When a cockroach-spread plague threatened to decimate the child population of New York City in the original Mimic, biologist Susan Tyler and her research associates developed a crossbreed ... See full summary »
A group of heavily armed hijackers board a luxury ocean liner in the South Pacific Ocean to loot it, only to do battle with a series of large-sized, tentacled, man-eating sea creatures who have taken over the ship first.
In the aftermath of a family tragedy, an aspiring author is torn between love for her childhood friend and the temptation of a mysterious outsider. Trying to escape the ghosts of her past, she is swept away to a house that breathes, bleeds - and remembers.
Guillermo del Toro
A disease carried by common cockroaches is killing Manhattan children. In an effort to stop the epidemic an entomologist, Susan Tyler, creates a mutant breed of insect that secretes a fluid to kill the roaches. This mutant breed was engineered to die after one generation, but three years later Susan finds out that the species has survived and evolved into a large, gruesome monster that can mimic human form. Written by
Steven Dretzke <firstname.lastname@example.org>
It includes several examples of del Toro's most characteristic hallmarks. "I have a sort of a fetish for insects, clockwork, monsters, dark places, and unborn things," said del Toro, and this is evident in Mimic, where at times all are combined in long, brooding shots of dark, cluttered, muddy chaotic spaces. According to Alfonso Cuarón, del Toro's friend and colleague, "with Guillermo the shots are almost mathematical -- everything is planned." See more »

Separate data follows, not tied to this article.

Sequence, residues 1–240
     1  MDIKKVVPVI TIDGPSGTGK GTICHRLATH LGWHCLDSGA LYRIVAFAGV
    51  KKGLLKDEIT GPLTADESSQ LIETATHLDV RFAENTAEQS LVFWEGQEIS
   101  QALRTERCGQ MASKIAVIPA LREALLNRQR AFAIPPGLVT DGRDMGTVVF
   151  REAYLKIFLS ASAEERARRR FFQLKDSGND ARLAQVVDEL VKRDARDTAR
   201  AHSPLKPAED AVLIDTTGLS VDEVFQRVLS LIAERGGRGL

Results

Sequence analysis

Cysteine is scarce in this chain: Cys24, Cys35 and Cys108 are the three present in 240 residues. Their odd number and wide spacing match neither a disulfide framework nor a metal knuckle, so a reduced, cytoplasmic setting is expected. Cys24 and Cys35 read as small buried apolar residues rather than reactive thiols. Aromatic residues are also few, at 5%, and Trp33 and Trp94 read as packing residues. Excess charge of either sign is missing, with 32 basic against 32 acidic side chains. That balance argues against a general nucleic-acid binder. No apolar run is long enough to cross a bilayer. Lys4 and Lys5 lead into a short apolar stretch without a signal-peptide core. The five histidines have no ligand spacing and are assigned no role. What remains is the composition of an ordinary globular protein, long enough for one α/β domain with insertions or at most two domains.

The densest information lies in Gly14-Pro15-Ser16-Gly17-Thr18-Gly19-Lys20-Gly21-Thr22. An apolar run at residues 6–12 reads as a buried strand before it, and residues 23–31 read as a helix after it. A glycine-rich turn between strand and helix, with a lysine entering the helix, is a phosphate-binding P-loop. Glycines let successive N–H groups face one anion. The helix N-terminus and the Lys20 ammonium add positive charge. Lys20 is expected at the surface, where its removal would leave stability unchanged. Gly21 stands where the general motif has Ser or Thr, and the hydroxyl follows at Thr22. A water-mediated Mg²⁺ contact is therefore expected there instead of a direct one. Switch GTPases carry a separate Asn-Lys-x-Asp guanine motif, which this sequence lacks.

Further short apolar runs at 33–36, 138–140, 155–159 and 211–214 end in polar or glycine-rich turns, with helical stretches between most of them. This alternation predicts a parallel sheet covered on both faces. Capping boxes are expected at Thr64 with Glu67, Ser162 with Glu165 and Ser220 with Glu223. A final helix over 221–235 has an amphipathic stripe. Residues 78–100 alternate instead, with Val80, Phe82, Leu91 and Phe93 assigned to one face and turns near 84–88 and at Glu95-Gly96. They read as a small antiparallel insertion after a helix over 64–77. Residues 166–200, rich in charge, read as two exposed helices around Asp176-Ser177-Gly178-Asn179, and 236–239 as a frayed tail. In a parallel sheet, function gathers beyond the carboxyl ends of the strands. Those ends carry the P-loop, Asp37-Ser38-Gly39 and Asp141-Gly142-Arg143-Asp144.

Near the end when Dr. Peter Mann is running from the female Mimics, he does end up in the larva room and gets the idea using his lighter and the gas to neutralize the upcoming threat with fire. When his Lighter does not function anymore and he loses it in the water he gets the idea to use sparks created by the pickaxe, which worked quite easily. However whilst all the gas pipes where metal and you hear the sound of metal hitting metal, there happened to be no single spark while he hit a dozen holes in them. See more »
So... you think your little "Frankenstein" has gotten the better of you?
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The idea of a film featuring genetically modified humanoid insects stalking the streets of New York makes me believe it would have a long shelf life - It`d spend a long time on a shelf waiting for a distributor , but MIMIC was far better than I expected . Director Guillermo Del Toro rightly concentrates on mood and atmosphere and also deserves a mention for making sure the cast didn`t camp the film up because it`s the sort of film that`s difficult for actors to believe in but everyone on screen takes it absolutely seriously . The screenwriters also deserve some praise for taking a ludicurous premise ( Remember we`re talking humanoid insects here ) and writing a story that makes you forget you`re watching something laughably far fetched . We also get to learn that soldier insects have to be killed stone dead in order to stop fighting and that insects take their pray to an underground lair to be eaten so the audience learns something about both insects and how to telegraph a script . My only criticism about the screenplay is that it does feel rather like an ALIENS type movie towards the end but that`s a very minor criticism .
So I fairly enjoyed MIMIC . It`s not as good as QUATERMASS AND THE PIT which is the greatest film to have the underground transport system as its setting but it`s a whole lot better than other subway or bug movies
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